Samuel Alito: Quiet, Contrary, and Now More Likely to Cross the Street

Supreme Court Justice Samuel Alito considered his Senate Judiciary Committee hearings so painful that for months after his 2006 confirmation he would try to avoid the Hart building where the nomination hearings were held. “I cross to the other side of the street,” he said. “I quicken my step until I’m well past the building.”

It’s likely Justice Alito now feels that way about the Capitol, where his disagreement with President Obama on Citizens United v. FEC during the State of the Union was seen by a national television audience.

I was traveling when most of the criticism (some directed at Alito, some at Obama) played out in news reports and cable chatter, and I won’t echo that. I will only add what I know of Alito from my interviews with him. He has a quiet demeanor yet a definite contrary streak.

While the TV audience saw Alito mouth what appeared to be “not true,” Justice Sonia Sotomayor next to him apparently heard nothing. On the video, she doesn’t respond in any way. He may be a constant grimacer (he didn’t look happy at last year’s Obama Inauguration either), but Alito is simply not a talkative sort. He likes to work at home alone, especially when he is writing opinions. On the bench during arguments, other justices sometimes turn to a colleague to whisper a comment or wisecrack. Not Alito. He is in his own space. Some White House aides who accompanied him on courtesy calls to senators before his hearings said they had trouble making small talk with him.

I’ve found Alito relatively easy to talk to – yet also ready to voice the kind of contrary view the nation saw Wednesday night. When I interviewed him for my Scalia biography, Alito said he admired Scalia but found his originalist approach at times lacking. “To say that you’re an originalist doesn’t really decide the case. Originalism gives you a principle to apply. Very often, particularly in areas where things have changed so much, identifying the principle doesn’t really decide the case.” An example of where their originalism diverges: Alito and Scalia disagree on the Sixth Amendment, specifically on what it dictates about judges’ power in criminal sentencing and on the reach of defendants’ right to be confronted by the witnesses against them.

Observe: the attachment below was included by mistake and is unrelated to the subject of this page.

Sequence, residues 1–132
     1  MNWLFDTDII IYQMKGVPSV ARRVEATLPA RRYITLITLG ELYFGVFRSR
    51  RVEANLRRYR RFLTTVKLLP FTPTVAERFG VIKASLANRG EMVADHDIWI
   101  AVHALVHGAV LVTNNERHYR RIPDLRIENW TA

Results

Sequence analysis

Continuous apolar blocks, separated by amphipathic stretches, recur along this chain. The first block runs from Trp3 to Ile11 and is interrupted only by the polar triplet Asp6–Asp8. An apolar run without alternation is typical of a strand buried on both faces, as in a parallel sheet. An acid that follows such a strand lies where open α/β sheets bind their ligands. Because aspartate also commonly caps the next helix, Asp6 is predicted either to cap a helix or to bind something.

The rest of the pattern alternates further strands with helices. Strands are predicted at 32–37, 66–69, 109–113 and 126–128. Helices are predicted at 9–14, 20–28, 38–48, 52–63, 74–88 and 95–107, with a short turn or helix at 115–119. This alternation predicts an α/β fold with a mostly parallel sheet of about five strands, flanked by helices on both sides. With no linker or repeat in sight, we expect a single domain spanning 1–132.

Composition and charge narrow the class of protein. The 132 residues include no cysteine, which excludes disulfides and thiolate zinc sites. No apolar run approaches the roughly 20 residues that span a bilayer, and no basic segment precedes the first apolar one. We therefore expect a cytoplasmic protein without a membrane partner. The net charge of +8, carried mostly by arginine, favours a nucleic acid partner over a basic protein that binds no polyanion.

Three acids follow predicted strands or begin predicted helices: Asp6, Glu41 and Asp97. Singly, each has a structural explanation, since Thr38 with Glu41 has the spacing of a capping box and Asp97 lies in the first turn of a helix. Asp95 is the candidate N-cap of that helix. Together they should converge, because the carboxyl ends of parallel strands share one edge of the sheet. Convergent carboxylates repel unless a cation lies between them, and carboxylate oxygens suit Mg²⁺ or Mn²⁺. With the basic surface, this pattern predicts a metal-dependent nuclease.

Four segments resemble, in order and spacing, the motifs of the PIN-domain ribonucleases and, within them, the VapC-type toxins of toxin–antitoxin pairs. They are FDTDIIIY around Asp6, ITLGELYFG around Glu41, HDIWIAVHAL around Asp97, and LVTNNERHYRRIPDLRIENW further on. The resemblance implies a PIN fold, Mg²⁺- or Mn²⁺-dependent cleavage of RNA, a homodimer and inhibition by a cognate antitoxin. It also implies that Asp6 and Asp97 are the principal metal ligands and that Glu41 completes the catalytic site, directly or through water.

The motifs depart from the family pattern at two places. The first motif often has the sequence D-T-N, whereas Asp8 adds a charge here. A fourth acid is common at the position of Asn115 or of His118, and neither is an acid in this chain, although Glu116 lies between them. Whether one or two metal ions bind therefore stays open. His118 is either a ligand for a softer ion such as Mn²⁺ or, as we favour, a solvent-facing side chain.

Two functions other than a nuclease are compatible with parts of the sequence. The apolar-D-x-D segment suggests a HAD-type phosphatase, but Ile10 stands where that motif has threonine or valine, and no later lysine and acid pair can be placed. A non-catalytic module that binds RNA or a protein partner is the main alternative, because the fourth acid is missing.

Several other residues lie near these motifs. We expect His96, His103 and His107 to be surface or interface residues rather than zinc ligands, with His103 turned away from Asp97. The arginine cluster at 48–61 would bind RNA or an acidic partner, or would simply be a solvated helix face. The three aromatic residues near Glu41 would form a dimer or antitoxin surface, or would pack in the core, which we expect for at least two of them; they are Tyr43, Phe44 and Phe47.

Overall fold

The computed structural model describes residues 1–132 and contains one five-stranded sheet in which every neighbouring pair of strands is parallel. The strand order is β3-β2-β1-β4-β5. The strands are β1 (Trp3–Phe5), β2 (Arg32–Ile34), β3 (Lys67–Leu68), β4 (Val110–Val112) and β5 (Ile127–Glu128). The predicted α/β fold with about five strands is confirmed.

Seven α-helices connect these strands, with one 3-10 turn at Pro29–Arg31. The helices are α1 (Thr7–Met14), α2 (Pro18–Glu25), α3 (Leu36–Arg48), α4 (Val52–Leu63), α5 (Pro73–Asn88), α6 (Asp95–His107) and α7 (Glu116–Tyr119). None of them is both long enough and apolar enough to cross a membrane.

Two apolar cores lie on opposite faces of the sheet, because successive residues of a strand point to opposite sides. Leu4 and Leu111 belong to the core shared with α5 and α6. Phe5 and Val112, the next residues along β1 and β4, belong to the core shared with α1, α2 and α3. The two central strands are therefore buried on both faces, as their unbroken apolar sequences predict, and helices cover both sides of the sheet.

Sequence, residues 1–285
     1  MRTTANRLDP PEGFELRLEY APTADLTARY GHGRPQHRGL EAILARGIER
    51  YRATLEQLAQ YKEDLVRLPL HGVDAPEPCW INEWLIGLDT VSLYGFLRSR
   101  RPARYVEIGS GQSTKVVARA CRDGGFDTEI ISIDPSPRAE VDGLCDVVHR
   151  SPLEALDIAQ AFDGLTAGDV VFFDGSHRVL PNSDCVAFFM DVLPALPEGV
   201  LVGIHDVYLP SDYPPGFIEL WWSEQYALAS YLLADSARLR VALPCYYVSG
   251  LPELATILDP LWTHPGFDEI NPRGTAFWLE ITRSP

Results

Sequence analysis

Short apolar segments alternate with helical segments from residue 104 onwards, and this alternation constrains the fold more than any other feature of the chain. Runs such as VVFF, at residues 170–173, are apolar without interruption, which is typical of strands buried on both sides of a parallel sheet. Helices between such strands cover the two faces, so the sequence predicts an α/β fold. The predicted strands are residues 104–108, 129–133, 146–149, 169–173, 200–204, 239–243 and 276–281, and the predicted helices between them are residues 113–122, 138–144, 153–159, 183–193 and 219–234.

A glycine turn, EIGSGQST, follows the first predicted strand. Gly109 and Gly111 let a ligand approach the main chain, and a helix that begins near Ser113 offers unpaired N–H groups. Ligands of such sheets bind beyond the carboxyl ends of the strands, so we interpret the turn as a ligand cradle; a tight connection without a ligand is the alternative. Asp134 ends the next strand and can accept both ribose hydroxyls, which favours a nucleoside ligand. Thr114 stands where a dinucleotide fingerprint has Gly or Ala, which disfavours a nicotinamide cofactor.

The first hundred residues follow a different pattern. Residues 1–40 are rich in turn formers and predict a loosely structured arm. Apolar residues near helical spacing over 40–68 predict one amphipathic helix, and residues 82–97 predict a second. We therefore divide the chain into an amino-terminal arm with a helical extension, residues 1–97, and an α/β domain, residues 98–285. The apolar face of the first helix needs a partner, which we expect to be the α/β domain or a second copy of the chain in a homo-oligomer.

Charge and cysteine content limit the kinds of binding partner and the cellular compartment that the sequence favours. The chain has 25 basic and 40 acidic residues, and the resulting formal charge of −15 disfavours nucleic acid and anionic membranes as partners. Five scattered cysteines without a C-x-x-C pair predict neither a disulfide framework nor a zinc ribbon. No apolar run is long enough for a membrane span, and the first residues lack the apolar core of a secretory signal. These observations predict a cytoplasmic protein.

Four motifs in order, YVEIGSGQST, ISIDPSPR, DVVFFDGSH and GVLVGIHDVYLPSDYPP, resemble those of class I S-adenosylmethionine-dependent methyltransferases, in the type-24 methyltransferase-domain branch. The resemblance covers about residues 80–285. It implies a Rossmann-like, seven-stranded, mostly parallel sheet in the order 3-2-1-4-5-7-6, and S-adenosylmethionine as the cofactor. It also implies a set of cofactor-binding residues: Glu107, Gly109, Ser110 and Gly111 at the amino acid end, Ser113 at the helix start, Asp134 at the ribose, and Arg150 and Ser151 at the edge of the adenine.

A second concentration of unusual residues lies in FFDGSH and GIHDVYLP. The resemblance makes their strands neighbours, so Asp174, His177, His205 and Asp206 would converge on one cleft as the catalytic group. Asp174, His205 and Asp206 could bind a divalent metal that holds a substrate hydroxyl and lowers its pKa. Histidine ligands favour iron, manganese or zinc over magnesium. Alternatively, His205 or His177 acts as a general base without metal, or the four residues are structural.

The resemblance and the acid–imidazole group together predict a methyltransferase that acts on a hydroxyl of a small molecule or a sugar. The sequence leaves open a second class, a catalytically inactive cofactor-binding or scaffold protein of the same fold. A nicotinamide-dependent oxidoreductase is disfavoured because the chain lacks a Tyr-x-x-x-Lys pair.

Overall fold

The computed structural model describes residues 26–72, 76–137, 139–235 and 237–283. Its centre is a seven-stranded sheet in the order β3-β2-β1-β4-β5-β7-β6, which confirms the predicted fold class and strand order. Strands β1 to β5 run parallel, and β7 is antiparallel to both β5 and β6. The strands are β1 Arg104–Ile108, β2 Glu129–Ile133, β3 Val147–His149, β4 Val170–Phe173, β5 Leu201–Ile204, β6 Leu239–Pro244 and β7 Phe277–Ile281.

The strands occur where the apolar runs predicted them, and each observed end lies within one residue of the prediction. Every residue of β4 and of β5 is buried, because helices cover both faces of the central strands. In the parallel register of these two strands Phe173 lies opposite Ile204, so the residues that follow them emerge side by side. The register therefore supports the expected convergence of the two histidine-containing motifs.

Alito, who like Scalia is a consistent conservative, took offense at media commentators of years back who dubbed the then-appeals court judge “Sc’Alito.”

“I was insulted by it,” Alito told me, “in the sense that I knew the only reason it was done was because of the fact that we were both Italians. I was flattered if people thought I wrote like him or thought like him. But just sort of lumping the two Italians together, I thought, was not appropriate.”

On the personal side, Alito made clear he is no Scalia, who is known for living large (duck hunting with Dick Cheney, the opera with Ruth Bader Ginsburg) and is definitely not a stay-at-home-alone guy. Justice Alito said he didn’t like to play poker or bridge and tended not to socialize much. “I am a very boring person,” he quipped. Well, as of now, three days after the State of the Union speech, the recorded “views” on YouTube of Alito’s response to Obama are in the hundreds of thousands.